Five Things Alumni Need to Know this Week – Nov. 26, 2018

1. We’re not completely certain, but we have a feeling the word “bittersweet” was created to describe days like last Friday. As you likely know, McKenzie Milton went down in the second quarter of the game against USF this weekend. Knight Nation has since offered an outpouring of support for #10, and we at UCF Alumni send him our best and wish him a speedy recovery. As for our Knights on the field, they were emboldened to give it all they had and win over the Bulls 38-10. That win bumped us up to #7 in both the AP Poll and the Coaches Poll.

We’re proud as ever for the ways our team rallied and showed the nation what we all already knew — to be a Knight is to be a part of a devoted family that supports each other, laughs together and keeps on charging on.

2. To show our support for McKenzie and just how grateful we are to be a part of his #10hana, Knights will be sporting leis this upcoming weekend for our American Athletic Conference Championship game against Memphis. If you’re in Orlando and want to show your solidarity for our team, join us for the Indoor Tailgate Dec. 1 at the FAIRWINDS Alumni Center at 12:30. If you can’t be in Orlando, find out details for Watch Parties here (and don’t forget to stock up on leis!).

3. If you’re looking for other ways to support Knight Nation this week, you’re in luck! Tomorrow is Giving Tuesday, the worldwide day of charitable giving. You’ve eaten all the Thanksgiving turkey your stomach could hold, taken advantage of all the Black Friday, Small Business Saturday and Cyber Monday deals your heart desired, and tomorrow is the day to exercise your generosity and give.

With 68,00 current students, there has never been a more important time to support your alma mater. We encourage you to check our post Five Things Knights Need to Know About Giving Tuesday at UCF to learn more about how you can be a part of all the undefeated athleticism, unmatched academia and unwavering momentum at UCF.

4. “I love baseball so much and that’s the only sport I wanted to get involved with. Back then, I didn’t think I would ever become a world champion, but the dream was to get there someday.” We get pretty excited when a UCF student’s dream becomes a UCF alum’s achievement! Kiyoshi Momose ’00MS, who is the sports and conditioning coach for the Boston Red Sox, can now add a check-mark next to the bucket list item of winning the World Series in Dodger Stadium. We’re proud to call you a part of the #UCFamily, Kiyoshi! Read more here.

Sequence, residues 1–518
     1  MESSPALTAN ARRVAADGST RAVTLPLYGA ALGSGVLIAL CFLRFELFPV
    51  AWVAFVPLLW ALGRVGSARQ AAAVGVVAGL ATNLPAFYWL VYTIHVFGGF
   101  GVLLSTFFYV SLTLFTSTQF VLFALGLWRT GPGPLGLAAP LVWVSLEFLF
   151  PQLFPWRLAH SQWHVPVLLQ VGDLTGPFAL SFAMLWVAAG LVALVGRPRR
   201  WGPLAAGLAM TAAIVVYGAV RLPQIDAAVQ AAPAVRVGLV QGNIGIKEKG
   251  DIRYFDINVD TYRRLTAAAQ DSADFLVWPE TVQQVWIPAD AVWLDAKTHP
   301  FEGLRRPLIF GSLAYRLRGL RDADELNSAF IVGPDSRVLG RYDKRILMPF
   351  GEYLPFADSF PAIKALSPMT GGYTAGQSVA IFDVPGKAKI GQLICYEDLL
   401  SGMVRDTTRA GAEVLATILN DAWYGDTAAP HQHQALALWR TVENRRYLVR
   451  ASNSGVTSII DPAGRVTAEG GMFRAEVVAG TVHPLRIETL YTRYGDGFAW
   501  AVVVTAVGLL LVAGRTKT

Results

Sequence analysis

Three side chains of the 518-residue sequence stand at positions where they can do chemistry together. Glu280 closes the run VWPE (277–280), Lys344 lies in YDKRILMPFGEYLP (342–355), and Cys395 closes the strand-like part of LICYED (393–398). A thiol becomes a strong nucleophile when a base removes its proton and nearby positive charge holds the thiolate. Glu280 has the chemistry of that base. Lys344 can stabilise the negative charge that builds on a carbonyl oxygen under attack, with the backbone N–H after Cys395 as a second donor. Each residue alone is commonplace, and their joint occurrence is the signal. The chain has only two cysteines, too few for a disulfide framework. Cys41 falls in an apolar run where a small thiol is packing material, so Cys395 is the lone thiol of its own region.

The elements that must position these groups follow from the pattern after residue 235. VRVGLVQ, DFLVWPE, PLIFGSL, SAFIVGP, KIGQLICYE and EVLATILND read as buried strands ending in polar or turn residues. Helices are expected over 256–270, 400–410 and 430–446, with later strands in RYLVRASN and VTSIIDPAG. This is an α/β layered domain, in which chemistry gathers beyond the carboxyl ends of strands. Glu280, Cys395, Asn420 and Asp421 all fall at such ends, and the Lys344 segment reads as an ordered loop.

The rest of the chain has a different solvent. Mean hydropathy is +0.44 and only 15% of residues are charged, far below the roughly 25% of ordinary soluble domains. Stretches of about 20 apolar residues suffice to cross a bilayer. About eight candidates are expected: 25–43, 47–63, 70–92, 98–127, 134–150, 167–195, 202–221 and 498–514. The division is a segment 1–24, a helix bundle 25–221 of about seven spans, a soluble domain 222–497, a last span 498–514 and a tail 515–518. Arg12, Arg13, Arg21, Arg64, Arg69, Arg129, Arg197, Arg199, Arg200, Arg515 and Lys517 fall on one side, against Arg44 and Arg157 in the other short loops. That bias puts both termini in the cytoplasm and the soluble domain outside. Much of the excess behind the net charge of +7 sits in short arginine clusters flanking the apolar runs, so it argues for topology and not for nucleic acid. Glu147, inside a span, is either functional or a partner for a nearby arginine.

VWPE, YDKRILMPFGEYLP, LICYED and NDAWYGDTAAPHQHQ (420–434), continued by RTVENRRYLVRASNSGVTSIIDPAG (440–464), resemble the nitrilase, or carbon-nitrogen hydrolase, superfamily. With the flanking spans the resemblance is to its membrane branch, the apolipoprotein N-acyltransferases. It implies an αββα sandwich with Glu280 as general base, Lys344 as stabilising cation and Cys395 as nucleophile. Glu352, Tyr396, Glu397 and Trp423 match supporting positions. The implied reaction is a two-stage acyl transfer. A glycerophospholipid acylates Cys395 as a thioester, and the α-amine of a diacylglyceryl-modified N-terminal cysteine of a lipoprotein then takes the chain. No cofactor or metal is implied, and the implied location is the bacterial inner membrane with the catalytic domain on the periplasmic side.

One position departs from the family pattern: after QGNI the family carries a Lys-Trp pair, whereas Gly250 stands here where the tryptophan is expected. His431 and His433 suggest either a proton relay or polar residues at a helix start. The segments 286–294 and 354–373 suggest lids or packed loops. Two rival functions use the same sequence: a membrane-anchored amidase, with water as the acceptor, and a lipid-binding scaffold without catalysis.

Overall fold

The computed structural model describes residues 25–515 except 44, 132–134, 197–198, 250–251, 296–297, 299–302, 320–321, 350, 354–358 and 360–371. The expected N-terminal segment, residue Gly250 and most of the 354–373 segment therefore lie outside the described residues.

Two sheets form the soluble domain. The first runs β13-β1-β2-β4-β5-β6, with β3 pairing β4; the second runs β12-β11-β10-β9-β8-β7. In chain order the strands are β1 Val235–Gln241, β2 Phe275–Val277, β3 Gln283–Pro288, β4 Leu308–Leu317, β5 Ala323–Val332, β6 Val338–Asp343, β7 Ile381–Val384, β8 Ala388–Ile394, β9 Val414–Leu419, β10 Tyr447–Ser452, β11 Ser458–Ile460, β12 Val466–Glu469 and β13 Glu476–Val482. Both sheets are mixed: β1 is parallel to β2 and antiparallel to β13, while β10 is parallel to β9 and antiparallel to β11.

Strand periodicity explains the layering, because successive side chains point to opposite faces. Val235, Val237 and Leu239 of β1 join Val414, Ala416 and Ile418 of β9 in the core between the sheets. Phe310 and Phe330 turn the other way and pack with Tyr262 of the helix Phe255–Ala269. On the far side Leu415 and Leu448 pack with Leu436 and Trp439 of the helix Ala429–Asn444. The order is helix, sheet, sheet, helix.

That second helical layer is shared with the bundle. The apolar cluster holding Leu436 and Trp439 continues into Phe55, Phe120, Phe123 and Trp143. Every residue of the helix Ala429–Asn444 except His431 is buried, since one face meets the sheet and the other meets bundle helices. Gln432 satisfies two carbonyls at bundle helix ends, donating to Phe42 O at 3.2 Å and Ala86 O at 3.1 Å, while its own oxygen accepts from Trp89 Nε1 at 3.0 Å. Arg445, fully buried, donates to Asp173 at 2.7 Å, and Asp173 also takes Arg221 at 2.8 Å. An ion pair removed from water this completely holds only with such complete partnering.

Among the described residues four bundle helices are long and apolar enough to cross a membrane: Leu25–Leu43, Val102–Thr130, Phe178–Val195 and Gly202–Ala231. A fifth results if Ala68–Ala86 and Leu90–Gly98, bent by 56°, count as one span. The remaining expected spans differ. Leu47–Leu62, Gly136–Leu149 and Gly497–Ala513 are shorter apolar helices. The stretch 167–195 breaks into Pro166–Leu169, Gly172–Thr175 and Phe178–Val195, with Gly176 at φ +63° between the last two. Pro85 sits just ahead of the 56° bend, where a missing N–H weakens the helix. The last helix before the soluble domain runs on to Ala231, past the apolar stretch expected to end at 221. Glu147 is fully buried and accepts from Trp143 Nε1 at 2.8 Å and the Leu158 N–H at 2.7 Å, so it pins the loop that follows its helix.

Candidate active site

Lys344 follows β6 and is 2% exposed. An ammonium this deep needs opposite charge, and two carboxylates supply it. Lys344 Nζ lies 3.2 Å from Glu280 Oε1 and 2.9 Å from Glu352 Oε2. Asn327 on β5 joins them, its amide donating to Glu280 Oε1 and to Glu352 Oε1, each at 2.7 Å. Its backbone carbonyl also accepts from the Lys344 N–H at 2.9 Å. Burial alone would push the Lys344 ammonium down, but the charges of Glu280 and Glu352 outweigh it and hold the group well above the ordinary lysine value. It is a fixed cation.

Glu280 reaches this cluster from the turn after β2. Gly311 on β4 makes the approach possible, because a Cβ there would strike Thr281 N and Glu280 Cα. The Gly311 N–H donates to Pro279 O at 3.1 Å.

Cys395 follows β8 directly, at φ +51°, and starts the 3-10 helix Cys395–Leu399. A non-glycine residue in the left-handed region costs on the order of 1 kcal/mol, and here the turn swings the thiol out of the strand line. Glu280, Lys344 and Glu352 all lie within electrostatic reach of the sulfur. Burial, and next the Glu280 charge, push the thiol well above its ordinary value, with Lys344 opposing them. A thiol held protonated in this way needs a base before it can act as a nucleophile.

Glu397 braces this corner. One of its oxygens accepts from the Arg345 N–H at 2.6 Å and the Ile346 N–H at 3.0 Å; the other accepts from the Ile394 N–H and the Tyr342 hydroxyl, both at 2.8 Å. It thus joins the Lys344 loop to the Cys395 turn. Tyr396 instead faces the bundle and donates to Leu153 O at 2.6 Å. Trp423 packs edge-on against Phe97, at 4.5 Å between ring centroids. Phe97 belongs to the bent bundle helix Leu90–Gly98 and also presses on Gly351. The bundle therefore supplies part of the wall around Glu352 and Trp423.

5. With Thanksgiving in our collective rear-view mirror, it’s officially not out-of-bounds to start prepping for December holidays and there’s no better way to do so than to pretend that Florida is colder than it really is and attend Light Up UCF! There’s ice-skating, light shows and even a Ferris Wheel. Get into the holiday spirit and be there.

Five Things Alumni Need to Know this Week – Nov. 19, 2018

  1. As if you could have possibly missed it with all the (well-deserved) hype, it was a very, VERY big weekend for UCF.

The ESPN College GameDay crew made their first-ever appearance on campus Saturday morning and Knights came out in full force to show the nation what UCF is all about. Memory Mall hosted more than 20,000 UCF fans — including Lee Corso who, decked out in complete Knightro garb, picked our Knights to win against Cincinnati.

Speaking of winning against Cincinnati… Image result for check mark emoji.

And in front of the second-largest crowd Spectrum Stadium has ever seen! If you were one of the 47,795 fans in attendance Saturday night, you already know how electric the stadium felt and how amped our fans were to cheer our team to a 38-13 win over the Bearcats, earning us the AAC East Division Championship trophy, a 23-game winning streak and a rise to No. 8 in the polls.

All in all, Saturday was a really great day to be a Knight. But, then again, so is every day.

  1. Somewhere in between the stare-down kid and Maria Taylor having a staring contest on GameDay and that incredible blocked field-goal-attempt by Joey Connors, we hosted our Indoor Tailgate at the UCF FAIRWINDS Alumni Center. We had all the necessary ingredients for a great Indoor Tailgate: the UCF spirit team, Knightro, the sweet smell of Bubbalou’s BBQ wafting throughout the room and a whole lot of alumni ready to cheer the Knights on to victory.

Were you there and are looking for your pictures? Or were you not there and are looking for pictures of what you missed out on? We’ve got you covered.

Don’t forget to mark your calendar for our next Indoor Tailgate on Dec. 1 as we gear up to take on the to-be-determined AAC West division winner.

  1. Just in case the feel on campus last week wasn’t joyful enough, Light Up UCF opened to the public on Friday. The Winter Wonderland will run through Jan. 1 and offers ice skating, a world-class choreographed light show sponsored by Duke Energy, free holiday movies, live entertainment, a Ferris Wheel, and an excuse for alumni to throw on their favorite black-and-gold hoodie and come visit campus! Find all the details you’re looking for right here.